Congressman Alan Lowenthal (CA-47), today, introduced legislation to prevent the discharge of plastic pellets into the environment during the manufacture or transport of the pellets or during the manufacture of plastic products from the pellets.
The legislation is co-sponsored by Congress Members Lloyd Doggett (TX-35), Jared Huffman (CA-02), Eleanor Holmes Norton (D-DC), and Mike Quigley (Il-05).
The vast majority of plastic products begin life as small round pellets of virgin plastic about the size of a lentil bean. During transport and manufacture, large amounts wind up in waterways, storm drains, and sewers, and eventually, oceans and rivers. The pellets break down into tiny microplastics that have been found across the globe and have been found in marine and land animals as well as in humans. While exact amounts of the pellets that end up in the environment are unknown, some estimates suggest half of all microplastics might originally be from these pre-production pellets.
There are currently no federal rules that address plastic pellets specifically and most states have no meaningful regulations to prohibit the discharge of these pellets, with statehouses relying in most cases on the plastics industry to set standards for itself. The only national program related to plastic pellet discharge is completely voluntary and industry-led.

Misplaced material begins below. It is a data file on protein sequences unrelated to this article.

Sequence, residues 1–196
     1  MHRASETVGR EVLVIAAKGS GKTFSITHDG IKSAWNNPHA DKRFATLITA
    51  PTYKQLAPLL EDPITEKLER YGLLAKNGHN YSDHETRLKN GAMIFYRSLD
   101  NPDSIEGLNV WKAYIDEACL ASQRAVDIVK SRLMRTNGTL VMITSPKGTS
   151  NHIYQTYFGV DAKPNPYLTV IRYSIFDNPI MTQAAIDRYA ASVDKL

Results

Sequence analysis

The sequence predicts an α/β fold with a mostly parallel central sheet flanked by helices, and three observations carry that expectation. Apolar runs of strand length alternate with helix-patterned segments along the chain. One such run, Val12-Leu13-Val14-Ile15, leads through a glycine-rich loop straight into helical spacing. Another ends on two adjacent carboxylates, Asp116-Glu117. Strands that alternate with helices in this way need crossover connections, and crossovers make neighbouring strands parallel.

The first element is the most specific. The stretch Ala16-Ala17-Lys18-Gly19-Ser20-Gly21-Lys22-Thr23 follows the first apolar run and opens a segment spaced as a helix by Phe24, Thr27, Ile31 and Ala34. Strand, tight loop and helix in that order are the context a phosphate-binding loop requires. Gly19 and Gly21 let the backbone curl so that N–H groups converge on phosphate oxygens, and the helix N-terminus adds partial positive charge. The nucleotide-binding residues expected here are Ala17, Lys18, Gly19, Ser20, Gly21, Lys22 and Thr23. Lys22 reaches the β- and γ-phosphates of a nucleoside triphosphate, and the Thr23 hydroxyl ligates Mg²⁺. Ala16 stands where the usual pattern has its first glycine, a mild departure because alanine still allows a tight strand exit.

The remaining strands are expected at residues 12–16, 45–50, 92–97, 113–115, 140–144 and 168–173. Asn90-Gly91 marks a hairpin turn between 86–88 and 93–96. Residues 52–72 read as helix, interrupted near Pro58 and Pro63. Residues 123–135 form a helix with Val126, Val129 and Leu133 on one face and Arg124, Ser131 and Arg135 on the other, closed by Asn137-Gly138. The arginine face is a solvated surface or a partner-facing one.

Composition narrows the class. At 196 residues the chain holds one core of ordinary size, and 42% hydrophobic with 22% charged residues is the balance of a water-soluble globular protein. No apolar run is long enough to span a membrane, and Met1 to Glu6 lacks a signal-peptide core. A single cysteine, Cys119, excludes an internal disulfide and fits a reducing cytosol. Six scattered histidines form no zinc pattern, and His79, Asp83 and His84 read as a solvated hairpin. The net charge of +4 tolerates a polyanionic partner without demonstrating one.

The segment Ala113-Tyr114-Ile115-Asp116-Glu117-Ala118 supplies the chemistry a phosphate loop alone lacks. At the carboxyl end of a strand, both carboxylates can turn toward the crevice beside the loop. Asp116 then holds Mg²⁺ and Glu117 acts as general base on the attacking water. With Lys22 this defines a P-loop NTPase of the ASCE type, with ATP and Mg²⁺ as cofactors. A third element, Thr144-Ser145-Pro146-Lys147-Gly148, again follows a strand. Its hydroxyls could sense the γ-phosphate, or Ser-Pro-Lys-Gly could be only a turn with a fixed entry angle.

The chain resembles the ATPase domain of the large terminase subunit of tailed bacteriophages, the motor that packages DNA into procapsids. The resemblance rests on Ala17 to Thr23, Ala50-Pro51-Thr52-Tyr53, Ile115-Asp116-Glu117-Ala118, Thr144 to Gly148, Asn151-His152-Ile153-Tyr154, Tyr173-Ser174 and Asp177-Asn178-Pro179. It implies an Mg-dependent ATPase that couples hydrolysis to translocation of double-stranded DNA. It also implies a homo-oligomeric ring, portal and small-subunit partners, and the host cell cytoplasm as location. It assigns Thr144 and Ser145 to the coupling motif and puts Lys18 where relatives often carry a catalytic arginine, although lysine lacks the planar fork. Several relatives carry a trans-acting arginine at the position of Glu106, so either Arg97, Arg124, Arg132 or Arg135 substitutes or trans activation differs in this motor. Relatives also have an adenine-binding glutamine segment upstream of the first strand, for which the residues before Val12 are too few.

Congressman Lowenthal’s Plastic Pellet Free Water Act would require the Environmental Protection Agency (EPA) to create regulations within 60 days that prohibit the discharge of plastic pellets into waterways, storm drains, or sewers from facilities that “…make, use, package, or transport plastic pellets or other pre-production plastic materials.”
“Recent scientific studies show that microplastics are now found everywhere we look—in the soil, in the rainwater, in the food chain, and even inside our own bodies,” Congressman Lowenthal said. “This has to stop. We are killing ourselves and our planet. For too long, the plastics industry has been allowed to police itself when it comes to ensuring their pellets don’t end up in the environment. The industry has failed abysmally, and with that failure created an environmental problem of crisis levels. It is time for the plastics industry to step up and cover the costs of ensuring their products remain in their facilities and do not end up in our environment.”